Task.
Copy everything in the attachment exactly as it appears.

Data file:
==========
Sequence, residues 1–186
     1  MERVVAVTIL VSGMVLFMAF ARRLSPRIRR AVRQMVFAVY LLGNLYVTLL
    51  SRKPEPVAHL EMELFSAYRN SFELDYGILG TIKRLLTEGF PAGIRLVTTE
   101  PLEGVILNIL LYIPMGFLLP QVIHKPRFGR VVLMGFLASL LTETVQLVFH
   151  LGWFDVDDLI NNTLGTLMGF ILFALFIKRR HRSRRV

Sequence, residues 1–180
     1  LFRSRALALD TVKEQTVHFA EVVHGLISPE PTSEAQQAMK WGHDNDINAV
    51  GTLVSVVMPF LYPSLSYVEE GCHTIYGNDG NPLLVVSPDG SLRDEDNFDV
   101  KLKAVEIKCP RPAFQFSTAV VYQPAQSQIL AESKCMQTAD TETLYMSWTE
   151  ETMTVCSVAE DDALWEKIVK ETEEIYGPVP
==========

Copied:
Sequence, residues 1–186
     1  MERVVAVTIL VSGMVLFMAF ARRLSPRIRR AVRQMVFAVY LLGNLYVTLL
    51  SRKPEPVAHL EMELFSAYRN SFELDYGILG TIKRLLTEGF PAGIRLVTTE
   101  PLEGVILNIL LYIPMGFLLP QVIHKPRFGR VVLMGFLASL LTETVQLVFH
   151  LGWFDVDDLI NNTLGTLMGF ILFALFIKRR HRSRRV

Sequence, residues 1–180
     1  LFRSRALALD TVKEQTVHFA EVVHGLISPE PTSEAQQAMK WGHDNDINAV
    51  GTLVSVVMPF LYPSLSYVEE GCHTIYGNDG NPLLVVSPDG SLRDEDNFDV
   101  KLKAVEIKCP RPAFQFSTAV VYQPAQSQIL AESKCMQTAD TETLYMSWTE
   151  ETMTVCSVAE DDALWEKIVK ETEEIYGPVP